Wuksachi Lodge

Wuksachi Lodge in winter, Copyright 2009 Roy Tennant, FreeLargePhotos.com.

Wuksachi Lodge Sequoia NP, 1999
Not Classified
Location: 6 miles north of Giant Forest, Sequoia/Kings Canyon NP
Theme: National Park Rustic/Modern Motel
Architect: Clayton B. Wardel, AIA.
Interior Design: Modern lodge rustic.
Interior Designer: DeDe Darnell, ASID and Laura Watkins, ASID; ESDA Interiors, Fresno, CA.
Exterior Features: Natural woods, metal, and native granite rock; detatched buildings.
Construction: Delaware North Parks Services.
Known Timeline:
Funding provided: 1984
Project planning & development: 1985-1997
Construction begins: July 1, 1998
Opening date: June 10, 1999
Current occupancy 102 units, 2009
Maximum planned buildout 414 units.


The Wuksachi Lodge is the culmination of a confusing and bitter fight between environmentalists, NPS personnel, historic preservationists, sentimentalists, scientists, and extremists on all sides. The original lodging in Sequoia NP was built right among the Giant Forest. Architectural visionary Gilbert Stanley Underwood redesigned a Giant Forest Village complex during the 1920s; it was these structures that were the focal point of the imbroglio. Scientists said they had to go, preservationists cried foul. The Giant Forest Village went through nearly fifty years of controversy before it was razed. Wuksachi Village was proposed to fill the void.

Because of the hue and cry over the demolition of Giant Forest Village, park planners wanted Wuksachi to come as close as possible to the model of an Ahwahnee or Old Faithful Inn. As new construction, it allowed for significant improvements in the in-room facilities. Where older lodges had modern baths and ventilation shoe-horned in, guest rooms at the Wuksachi have been full service and spacious right from the start.

interior details

Wuksachi claims to rival the grand lodges in other National Parks. It doesn't, but it is a high quality lodging experience.

Just as the guest rooms are a modern interpretation of what a room should be, the entire Wuksachi complex is a carefully contrived vision with room for expansion. Although the quality is light years beyond anything ever built in the old Giant Forest Village, the new complex has none of the mystique nor excitement. It feels like a Residence Inn with wood shingles...nice, but nothing more than a place to sleep and possibly to eat.

exterior details

Upon approach, the roof dominates the structure. It's a modern, weather-resistant roof of highly engineered materials; perfect for a modern, highly-engineered motel...er, lodging facility.

Lurking in the lounge is nice, and it's easy to envision a day when the new wears off and the structure has a more inviting feeling. This would happen a lot faster if the price tags were removed from the lamps, and if the lounge stayed open past 9 p.m. The dining room -- billed as luxury -- has the feel of a hotel banquet room with middling fare and mission styling.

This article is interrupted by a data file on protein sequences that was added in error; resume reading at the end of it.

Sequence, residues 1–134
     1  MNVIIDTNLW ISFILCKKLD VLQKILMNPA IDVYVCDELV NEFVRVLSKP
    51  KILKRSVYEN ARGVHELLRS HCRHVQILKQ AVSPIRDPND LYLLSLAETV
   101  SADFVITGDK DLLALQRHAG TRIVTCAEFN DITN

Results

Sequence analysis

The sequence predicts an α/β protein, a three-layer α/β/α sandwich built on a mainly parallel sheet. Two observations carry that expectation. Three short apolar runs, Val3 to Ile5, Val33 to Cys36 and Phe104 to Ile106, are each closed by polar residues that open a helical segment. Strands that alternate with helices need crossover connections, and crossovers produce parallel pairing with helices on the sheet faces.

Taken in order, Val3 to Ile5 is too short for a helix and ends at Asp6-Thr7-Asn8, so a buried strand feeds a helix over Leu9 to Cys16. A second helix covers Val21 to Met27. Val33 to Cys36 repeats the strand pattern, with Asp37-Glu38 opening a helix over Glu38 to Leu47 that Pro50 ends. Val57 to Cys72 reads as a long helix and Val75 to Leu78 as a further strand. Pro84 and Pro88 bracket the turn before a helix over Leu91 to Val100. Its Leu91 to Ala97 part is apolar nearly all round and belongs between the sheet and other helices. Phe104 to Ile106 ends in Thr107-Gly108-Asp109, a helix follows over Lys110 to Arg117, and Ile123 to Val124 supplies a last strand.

The Experience

Turn out the lights, the party is over

Wuksachi Lodge doesn't quite cut it as a full-fledged park lodge. Check-in is located in the main building; you then drive away to your assigned building. The distance to carry your bags can be daunting for some guests. The log exterior is certainly charming, but it isn't hard to see that this is more of a modern motel than a traditional National Park Lodge. The setting is stupendous, but again, other than the smallish lobby and lounge areas, there is no "there" there.

The main lodge building is highlighted by carefully arranged lighting, stone fireplaces, and soaring windows and ceilings. The interior features natural woods, Mission-style furnishings, and traditional forest colors. There is granite everywhere...even a massive sculpture covers the wall behind the registration desk.

More plusses: Hiking trails and cross-country ski trails leave right from the campus. There are generally ranger-led offerings either on site or nearby. Over time, Wuksachi will likely find its way to a more holistic "park" experience. Right now it's more a place where you check in and wait for morning.

exterior details

The rooms are in motel outbuildings.

Hallways and rooms are spotless; cleaner and in better condition than many properties in the park system. The quality of the room, bath, etc. is very good and represents a very good value for the location. Just don't expect to head down to the lobby to enjoy the traditional old lodge chit-chat and card games; as mentioned above, the lounge closes early and the sidewalks are rolled up by 9 o'clock.

Not Classified

Wuksachi Lodge is a high quality motel/lodge experience in a fabulous setting in Sequoia National Park. It is a reasonable value for the location. Room quality is excellent. The main building, location, and some qualities of the complex are worthy of Classification III, premium. In virtually all respects this lodge is worthy of classification but it has no historic significance and has not yet become an inextricable part of the park.

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Dining & Banquet Facilities

Wuksachi Lodge dining room is a 95 seat, full-service restaurant serving breakfast, lunch and dinner. Reservations are recommended for dinner. The complex also houses a 1300 square foot banquet room, with available catering and full audio/visual services plus wi/fi. There are also a plethora of outdoor activities as you might expect.

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